Literary Traveling Companion: “Gray Mountain,” by John Grishom

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photo courtesy of Hotel Floyd

posted June 2016

 

 

 

 

Old Florida: Apalachicola

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photo by John Solomon

Fly, rent a convertible, take a spin around Old Florida! No highways, no big cities, no depressing strip shopping centers in Old Florida…just character and authenticity.

Apalachicola 

Apalachicola sits on water that looks like the shrimping scenes in “Forrest Gump.” It is a small, off-the-radar town at the confluence of the Apalachicola River and Bay. We’re talking big, wide expanses of undeveloped water with marshes. On the Florida panhandle, believe it or not.

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photo by John Solomon

The buildings along Apalachicola’s waterfront look rundown at first glance.

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photo by John Solomon

But closer inspection reveals an interesting mix of commercial seafood shacks, two-story brick buildings at various stages of renovation, a small park, some docked boats and a couple of restaurants—all facing lovely views of peaceful water and marshes with graceful birds swooping in and out. An occasional shrimp boat ghosts by. Most of the town’s buildings are historic. It is a quiet place with a hint of its heyday as one of the largest ports on the Gulf of Mexico in the 1800s. Today, the town closes up at 8 p.m.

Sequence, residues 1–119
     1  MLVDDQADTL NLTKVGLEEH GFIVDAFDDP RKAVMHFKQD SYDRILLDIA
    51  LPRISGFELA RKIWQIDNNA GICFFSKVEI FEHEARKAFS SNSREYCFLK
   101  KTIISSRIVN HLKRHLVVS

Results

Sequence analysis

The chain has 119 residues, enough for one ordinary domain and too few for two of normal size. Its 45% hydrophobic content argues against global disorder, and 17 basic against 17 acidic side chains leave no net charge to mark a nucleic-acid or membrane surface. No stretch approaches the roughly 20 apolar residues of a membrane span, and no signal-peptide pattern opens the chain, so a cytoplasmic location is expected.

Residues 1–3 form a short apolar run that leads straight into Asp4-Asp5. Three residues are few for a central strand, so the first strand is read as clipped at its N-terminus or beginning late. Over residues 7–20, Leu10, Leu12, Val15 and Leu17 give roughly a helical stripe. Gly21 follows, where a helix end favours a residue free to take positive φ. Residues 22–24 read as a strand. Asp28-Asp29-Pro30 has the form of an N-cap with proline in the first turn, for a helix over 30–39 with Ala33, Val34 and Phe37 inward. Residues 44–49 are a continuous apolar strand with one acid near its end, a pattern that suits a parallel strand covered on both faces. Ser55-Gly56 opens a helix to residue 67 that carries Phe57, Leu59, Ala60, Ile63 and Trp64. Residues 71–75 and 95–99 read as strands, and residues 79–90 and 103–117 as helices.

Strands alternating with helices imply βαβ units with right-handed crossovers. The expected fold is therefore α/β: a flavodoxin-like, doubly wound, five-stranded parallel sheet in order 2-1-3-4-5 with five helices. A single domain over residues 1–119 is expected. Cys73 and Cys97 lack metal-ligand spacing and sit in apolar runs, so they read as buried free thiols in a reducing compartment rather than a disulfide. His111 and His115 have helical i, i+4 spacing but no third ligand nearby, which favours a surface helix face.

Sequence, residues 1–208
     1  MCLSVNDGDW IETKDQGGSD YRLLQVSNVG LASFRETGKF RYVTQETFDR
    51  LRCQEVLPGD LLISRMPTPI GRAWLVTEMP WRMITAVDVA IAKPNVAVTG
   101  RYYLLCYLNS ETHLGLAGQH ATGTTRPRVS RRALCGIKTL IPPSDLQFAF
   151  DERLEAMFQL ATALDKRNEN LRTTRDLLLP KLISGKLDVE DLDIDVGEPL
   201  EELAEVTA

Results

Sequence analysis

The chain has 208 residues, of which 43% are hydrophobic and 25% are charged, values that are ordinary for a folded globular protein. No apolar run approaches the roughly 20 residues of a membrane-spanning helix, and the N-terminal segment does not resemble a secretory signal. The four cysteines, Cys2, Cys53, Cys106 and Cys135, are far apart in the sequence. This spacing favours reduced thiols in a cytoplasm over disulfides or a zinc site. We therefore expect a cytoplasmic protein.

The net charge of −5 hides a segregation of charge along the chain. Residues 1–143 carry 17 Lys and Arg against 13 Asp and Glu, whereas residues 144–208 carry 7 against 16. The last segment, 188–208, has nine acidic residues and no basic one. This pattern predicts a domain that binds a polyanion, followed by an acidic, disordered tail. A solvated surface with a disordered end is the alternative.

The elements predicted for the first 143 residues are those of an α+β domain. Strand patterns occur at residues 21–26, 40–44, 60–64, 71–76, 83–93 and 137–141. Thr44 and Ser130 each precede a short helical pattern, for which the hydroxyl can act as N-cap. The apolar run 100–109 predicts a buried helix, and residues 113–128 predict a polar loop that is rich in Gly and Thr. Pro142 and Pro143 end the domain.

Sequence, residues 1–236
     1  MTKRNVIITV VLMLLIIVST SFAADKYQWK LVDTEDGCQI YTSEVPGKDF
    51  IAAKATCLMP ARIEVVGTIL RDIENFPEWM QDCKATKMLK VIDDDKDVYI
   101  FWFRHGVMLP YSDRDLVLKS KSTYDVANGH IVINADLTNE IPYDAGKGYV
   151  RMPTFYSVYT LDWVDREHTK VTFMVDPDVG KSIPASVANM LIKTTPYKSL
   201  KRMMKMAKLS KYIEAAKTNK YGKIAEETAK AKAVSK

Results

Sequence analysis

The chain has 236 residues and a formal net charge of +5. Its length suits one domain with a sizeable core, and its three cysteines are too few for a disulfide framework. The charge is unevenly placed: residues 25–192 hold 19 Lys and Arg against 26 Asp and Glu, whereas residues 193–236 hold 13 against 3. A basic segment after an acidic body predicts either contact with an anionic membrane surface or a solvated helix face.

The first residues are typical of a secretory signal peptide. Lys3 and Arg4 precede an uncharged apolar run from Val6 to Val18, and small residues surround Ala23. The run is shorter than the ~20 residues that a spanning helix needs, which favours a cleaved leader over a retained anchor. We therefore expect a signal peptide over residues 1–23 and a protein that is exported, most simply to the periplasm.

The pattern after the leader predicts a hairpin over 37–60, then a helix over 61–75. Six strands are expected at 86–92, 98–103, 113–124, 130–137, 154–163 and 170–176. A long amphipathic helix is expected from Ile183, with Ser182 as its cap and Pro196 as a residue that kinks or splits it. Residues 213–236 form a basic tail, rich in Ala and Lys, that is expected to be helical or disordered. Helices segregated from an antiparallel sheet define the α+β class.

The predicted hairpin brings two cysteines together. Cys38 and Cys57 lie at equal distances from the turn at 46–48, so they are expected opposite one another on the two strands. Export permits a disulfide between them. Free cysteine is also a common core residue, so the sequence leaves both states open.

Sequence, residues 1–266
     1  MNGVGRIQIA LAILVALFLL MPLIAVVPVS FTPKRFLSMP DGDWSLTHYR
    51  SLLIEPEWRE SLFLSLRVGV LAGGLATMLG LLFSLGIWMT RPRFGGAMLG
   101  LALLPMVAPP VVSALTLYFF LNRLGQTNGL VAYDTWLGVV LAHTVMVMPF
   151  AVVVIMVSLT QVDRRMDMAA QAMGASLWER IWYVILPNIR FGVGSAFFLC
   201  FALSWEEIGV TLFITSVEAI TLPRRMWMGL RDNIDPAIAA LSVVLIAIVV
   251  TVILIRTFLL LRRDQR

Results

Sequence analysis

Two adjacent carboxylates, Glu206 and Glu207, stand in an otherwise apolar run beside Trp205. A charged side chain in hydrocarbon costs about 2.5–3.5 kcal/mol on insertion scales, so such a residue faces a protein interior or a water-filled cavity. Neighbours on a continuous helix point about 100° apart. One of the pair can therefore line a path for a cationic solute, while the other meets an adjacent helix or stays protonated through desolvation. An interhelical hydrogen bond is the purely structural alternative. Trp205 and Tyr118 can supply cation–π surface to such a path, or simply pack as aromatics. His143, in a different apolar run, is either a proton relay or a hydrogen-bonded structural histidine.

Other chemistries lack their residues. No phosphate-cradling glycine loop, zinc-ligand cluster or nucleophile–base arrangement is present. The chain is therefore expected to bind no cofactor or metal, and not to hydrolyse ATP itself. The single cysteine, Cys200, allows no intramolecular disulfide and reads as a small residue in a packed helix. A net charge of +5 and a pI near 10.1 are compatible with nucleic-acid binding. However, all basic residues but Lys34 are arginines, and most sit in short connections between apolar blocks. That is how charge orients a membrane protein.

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Downtown Apalachicola

STAY

  • Houseboats at River Watch: Karen Hoff rents three nice houseboats on a nightly basis via VRBO (Vacation Rentals By Owner). We stayed on Southern Comfort (property # 586285), docked on the Apalachicola River in town. Spotless, plenty of room for two people, full kitchen, heat, TV, two “land-worthy” bathrooms (i.e., no funky boat plumbing) and knock-your-socks-off views. Every now and then, a shrimping boat passed 30 feet from our deck! Great experience … like having your own boat but more comfortable and with better views, as you sit almost flush with the water versus several feet above it. FYI: The boat doesn’t go anywhere. It is just docked.